Then there was the Valentine’s Day on which a third boyfriend and I went to a fancy vegan restaurant, inviting along my two girlfriends as a share-the-love gesture because one was unhappily single and the other had a husband out of town. The takeaway? Don’t do this. The girls were so long-faced and self-pitying that T. and I considered the romance of bagging up our food and eating in the car on our own.
Speaking of the romantically disgruntled, there are those you can’t hug into a semblance of mammalian warmth for the simple reason that they won’t let you. They believe nobody loves them, or that they can’t love anybody. They’ve given humanity the pink slip, but somehow, bitterness rather than acceptance accompanies their wholly self-imposed belief. Do these loner curmudgeons know they might be someone’s envy?
When you’re single, there’s no one to take you for granted. You get to be always right, you are free to fart, you’re not one of those never-farting “in love and annoying” people saturating your friends’ social media, and you can give the finger to compromise. Sure it’s nice to have a hand to hold, share a laugh and a meal, but then you have to be pleasant when you don’t feel like it, prevent the erosion of romance, engage in new activities even when the couch is calling, and at least once in a while, do things their way.
There’s the question of being biologically programmed to seek a mate, and feeling a void without one, but for me, the times without a partner meant just one more thing I didn’t have. I also didn’t have an English castle, or a Pulitzer, or eternal youth, and somehow, I found ways to cope.
Besides, even if you personally sweep love out the front door with a broom, it finds a way in. I don’t care if it’s some stray cat nuzzling your ankle, or the grocery clerk taking extra care to bag your produce, it’s there, in one form or another. My brother calling me from New York to share the hilarity of his GPS referring to FDR Dr. as FDR doctor instead of drive is love. A favorite Valentine’s Day for me took place with one of my best girlfriends in a dim, chintzy lounge, toasting love with red wine. Neither of us wanted to be anywhere other than where we were, and in that, there was something flawless. That’s love. Digitally transmitting thoughts to the so-called loveless is love too.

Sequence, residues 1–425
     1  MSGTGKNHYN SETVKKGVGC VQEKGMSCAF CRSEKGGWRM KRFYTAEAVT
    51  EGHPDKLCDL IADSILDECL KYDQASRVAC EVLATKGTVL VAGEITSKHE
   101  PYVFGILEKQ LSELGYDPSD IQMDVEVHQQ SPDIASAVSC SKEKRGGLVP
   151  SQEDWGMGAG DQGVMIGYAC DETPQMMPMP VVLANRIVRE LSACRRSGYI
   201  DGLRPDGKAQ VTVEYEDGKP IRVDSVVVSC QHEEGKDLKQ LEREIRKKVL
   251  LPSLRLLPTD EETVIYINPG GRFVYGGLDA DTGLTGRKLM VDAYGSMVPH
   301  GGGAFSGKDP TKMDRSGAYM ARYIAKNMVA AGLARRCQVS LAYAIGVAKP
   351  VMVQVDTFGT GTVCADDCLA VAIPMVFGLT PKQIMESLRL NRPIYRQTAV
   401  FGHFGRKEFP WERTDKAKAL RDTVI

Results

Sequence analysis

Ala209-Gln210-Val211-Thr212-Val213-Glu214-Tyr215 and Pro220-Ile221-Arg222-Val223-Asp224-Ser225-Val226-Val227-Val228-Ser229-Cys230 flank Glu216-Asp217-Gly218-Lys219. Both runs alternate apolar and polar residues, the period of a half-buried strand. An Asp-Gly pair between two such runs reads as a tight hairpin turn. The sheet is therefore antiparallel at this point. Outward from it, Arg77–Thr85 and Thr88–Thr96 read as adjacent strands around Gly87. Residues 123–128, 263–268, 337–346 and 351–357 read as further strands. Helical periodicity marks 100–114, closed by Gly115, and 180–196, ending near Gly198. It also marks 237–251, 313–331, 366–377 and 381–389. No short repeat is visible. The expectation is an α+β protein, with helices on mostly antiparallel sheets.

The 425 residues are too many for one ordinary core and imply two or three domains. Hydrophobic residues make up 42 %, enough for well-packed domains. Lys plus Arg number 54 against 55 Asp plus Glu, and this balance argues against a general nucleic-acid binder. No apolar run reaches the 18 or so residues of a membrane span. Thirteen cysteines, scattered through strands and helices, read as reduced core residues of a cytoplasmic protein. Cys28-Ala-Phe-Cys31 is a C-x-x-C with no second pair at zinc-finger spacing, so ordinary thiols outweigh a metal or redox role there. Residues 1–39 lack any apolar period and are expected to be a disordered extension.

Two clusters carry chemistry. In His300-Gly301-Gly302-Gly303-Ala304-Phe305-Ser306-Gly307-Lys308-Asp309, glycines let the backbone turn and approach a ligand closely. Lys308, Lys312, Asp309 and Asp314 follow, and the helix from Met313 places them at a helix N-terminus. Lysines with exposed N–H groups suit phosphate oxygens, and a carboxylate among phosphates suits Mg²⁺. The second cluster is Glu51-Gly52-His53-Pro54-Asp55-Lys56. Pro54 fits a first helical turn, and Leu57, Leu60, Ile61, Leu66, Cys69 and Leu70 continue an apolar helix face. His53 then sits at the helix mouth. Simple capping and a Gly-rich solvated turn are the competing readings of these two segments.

In deference to the eye-rolling bunch who find this day nauseating, I’ll end with a story that’s both vomitous and filled with Valentine’s-red imagery. Don’t say you weren’t warned. One February 13th evening, my body decided that for no reason at all, without a hint of nausea, it wanted to expel…stuff. Yes, we’re embarking on literal vomit. The dark pink mess with the translucent particles looked like half-bitten jellied cranberries, having emitted from my insides in spite of the fact that I’d only eaten brown lentils. Sure, there may have been some modest amount of red wine accounting for color, but not for the translucent, vaguely heart-like shapes. Unhappy tears streamed down my face as I called out to my love, “The devil just came out of me in tiny red chunks.”
Except that’s when it occurred to me: the mysterious heart shapes weren’t chunks of the devil at all, but exactly appropriate for Valentine’s Day Eve, since on varying romance-o-meters, the day is both gag-inducing and heart-filled.
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How do I know I love you? Because you’re here and I’m here. I have very new, very raw personal writing up on Medium as of yesterday that I’ve felt too vulnerable to promote. It’s me-too related, a click away and called The Luck of a Body.